Researchers at the University of Basel took a close look at a signaling pathway present in most organisms and found that it suppresses the formation of specific types of brain tumor. Their results have been published by the journal Cancer Cell.
Gliomas are the most common brain tumors in adults and the prognosis for patients is, in many cases, very bad. Therefore, novel and effective therapies for glioma treatment are needed. In order to develop these, it is crucial to understand the biology of this type of tumor.
Stem cells as potential source of tumors
So far it has been highly debated which brain cells can form gliomas when they acquire gene mutations. However, researchers believe that brain stem cells might be a potential source of this type of cancer. Stem cells in the human brain can generate new nerve cells and, if something goes wrong in this process and uncontrolled proliferation or impaired differentiation occurs, this may lead to the formation of a brain tumor.
A research team led by Professor Verdon Taylor from the Department of Biomedicine at the University of Basel has now studied whether one molecular mechanism that controls normal stem cell maintenance in the brain is hijacked and used by cancer cells during tumor formation.
Active signaling pathway suppresses tumor formation
The researchers studied the so-called Notch pathway. This signaling pathway is central to brain stem cell activity and it has been proposed to – once aberrantly activated – contribute to the growth of gliomas. “In contrast to our expectations, we found that the opposite is the case: when activated, this pathway actually suppresses the formation of some types of glioma”, says Claudio Giachino, first author of the study. Conversely, in some forms of glioma the inactivation of the pathway results in accelerated growth and makes the tumor more aggressive.
Due to these properties, the Notch pathway could, in the future, not only serve as a new therapeutic target but could also be used as a new diagnostic tool in order to get more reliable prognoses for disease progression and patient survival. “Our results demonstrate major differences in the molecular requirements between seemingly similar types of brain tumor and indicate that gliomas must be carefully examined before selecting potentially specific therapeutic interventions in the future”, says Taylor.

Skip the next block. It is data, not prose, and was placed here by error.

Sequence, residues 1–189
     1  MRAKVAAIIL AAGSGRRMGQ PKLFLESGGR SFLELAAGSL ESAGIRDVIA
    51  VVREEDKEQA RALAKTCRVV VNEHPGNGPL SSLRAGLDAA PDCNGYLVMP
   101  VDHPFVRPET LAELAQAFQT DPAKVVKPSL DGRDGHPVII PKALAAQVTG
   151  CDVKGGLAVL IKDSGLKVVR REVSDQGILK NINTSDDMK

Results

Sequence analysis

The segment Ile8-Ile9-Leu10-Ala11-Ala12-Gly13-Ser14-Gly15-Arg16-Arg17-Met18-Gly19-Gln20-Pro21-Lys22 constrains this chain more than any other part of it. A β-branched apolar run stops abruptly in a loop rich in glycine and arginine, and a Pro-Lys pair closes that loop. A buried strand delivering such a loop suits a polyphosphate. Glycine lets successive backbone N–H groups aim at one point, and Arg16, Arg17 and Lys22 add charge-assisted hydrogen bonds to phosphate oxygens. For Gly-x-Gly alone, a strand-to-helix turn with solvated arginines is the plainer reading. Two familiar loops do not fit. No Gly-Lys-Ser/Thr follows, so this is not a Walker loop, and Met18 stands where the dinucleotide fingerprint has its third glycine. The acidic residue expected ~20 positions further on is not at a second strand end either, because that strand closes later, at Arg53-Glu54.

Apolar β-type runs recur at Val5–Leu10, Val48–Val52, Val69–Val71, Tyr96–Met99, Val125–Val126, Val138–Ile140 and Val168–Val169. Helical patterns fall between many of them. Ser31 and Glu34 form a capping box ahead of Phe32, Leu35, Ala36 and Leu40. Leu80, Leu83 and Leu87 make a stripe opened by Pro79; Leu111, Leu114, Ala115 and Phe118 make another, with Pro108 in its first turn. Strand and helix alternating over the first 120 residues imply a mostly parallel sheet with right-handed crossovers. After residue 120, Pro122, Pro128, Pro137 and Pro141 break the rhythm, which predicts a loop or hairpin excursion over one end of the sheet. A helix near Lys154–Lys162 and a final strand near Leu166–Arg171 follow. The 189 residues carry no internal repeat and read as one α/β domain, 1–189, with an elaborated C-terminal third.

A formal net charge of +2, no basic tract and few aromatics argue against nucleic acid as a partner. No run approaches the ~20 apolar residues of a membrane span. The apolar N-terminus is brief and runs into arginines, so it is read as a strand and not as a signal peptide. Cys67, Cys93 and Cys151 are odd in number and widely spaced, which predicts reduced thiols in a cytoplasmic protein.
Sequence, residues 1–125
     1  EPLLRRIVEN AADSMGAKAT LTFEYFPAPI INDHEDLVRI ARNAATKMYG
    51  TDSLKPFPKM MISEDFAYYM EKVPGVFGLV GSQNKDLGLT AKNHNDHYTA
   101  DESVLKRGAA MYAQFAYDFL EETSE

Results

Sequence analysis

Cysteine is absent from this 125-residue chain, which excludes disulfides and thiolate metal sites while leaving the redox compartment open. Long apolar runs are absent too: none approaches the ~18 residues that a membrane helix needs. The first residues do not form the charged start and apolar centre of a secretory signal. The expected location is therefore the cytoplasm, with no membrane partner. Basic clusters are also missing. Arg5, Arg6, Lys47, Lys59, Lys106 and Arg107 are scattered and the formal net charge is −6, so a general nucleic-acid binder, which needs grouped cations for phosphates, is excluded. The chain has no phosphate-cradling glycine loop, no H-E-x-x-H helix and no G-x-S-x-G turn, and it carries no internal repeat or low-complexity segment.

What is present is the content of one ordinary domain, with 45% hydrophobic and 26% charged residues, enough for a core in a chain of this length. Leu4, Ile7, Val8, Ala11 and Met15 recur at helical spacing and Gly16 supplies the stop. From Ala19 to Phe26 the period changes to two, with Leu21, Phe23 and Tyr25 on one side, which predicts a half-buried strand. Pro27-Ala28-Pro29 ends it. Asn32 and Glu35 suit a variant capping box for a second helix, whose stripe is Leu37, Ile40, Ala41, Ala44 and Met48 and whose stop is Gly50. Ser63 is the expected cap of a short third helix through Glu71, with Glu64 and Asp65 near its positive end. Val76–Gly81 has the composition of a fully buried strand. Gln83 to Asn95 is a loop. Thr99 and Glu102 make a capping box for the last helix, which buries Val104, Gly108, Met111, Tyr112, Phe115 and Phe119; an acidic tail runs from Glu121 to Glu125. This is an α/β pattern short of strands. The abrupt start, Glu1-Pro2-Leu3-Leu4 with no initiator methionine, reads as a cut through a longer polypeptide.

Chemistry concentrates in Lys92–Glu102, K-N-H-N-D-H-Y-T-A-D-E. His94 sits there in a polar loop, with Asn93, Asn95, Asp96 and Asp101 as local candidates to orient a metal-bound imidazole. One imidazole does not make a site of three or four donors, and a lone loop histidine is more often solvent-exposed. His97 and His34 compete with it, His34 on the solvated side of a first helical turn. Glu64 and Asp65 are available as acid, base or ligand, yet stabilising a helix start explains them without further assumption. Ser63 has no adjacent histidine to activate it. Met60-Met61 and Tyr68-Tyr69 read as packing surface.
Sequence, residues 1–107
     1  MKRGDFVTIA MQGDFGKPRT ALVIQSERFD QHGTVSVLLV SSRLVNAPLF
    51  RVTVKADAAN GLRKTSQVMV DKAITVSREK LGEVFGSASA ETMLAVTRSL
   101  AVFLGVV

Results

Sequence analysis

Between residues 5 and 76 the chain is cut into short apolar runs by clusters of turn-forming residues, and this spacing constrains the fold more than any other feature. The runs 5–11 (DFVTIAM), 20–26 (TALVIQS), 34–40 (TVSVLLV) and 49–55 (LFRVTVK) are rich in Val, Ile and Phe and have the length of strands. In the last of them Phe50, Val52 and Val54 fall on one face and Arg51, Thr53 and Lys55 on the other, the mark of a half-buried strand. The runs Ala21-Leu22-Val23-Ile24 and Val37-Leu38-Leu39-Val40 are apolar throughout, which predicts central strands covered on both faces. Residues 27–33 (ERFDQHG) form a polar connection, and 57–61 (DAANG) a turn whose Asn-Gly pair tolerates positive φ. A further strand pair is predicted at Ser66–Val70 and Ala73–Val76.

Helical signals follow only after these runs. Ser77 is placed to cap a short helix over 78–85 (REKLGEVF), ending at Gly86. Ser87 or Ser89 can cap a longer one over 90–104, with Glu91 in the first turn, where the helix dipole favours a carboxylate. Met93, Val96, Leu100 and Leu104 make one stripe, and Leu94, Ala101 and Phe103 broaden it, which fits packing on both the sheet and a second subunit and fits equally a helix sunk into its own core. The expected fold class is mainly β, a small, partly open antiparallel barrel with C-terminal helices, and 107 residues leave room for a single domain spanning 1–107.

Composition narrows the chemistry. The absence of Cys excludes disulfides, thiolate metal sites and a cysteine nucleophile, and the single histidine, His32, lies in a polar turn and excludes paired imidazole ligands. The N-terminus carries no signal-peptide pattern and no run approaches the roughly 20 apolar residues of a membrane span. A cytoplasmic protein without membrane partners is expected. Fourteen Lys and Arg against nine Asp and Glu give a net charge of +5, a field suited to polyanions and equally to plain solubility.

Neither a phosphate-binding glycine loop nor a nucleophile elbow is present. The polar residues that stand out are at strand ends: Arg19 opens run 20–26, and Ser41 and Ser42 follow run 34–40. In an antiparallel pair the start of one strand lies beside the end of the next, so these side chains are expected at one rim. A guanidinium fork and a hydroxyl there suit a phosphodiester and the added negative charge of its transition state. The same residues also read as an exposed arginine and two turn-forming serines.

About this brain cancer research
Source: Yannik Sprecher – University of Basel Image Credit: The image is credited to Original Research: Full open access research (pdf) for “A Tumor Suppressor Function for Notch Signaling in Forebrain Tumor Subtypes” by Claudio Giachino, Jean-Louis Boulay, Robert Ivanek, Stefan Pfister, Marcel Kool, and Verdon Taylor in Cancer Cell. Published online December 4 2015 doi:10.1016/j.ccell.2015.10.008
A Tumor Suppressor Function for Notch Signaling in Forebrain Tumor Subtypes
In the brain, Notch signaling maintains normal neural stem cells, but also brain cancer stem cells, indicating an oncogenic role. Here, we identify an unexpected tumor suppressor function for Notch in forebrain tumor subtypes. Genetic inactivation of RBP-Jk, a key Notch mediator, or Notch1 and Notch2 receptors accelerates PDGF-driven glioma growth in mice. Conversely, genetic activation of the Notch pathway reduces glioma growth and increases survival. In humans, high Notch activity strongly correlates with distinct glioma subtypes, increased patient survival, and lower tumor grade. Additionally, simultaneous nactivation of RBPJk and p53 induces primitive neuroectodermal-like tumors in mice. Hence, Notch signaling cooperates with p53 to restrict cell proliferation and tumor growth in mouse models of human brain tumors.
“A Tumor Suppressor Function for Notch Signaling in Forebrain Tumor Subtypes” by Claudio Giachino, Jean-Louis Boulay, Robert Ivanek, Stefan Pfister, Marcel Kool, and Verdon Taylor in Cancer Cell. Published online December 4 2015 doi:10.1016/j.ccell.2015.10.008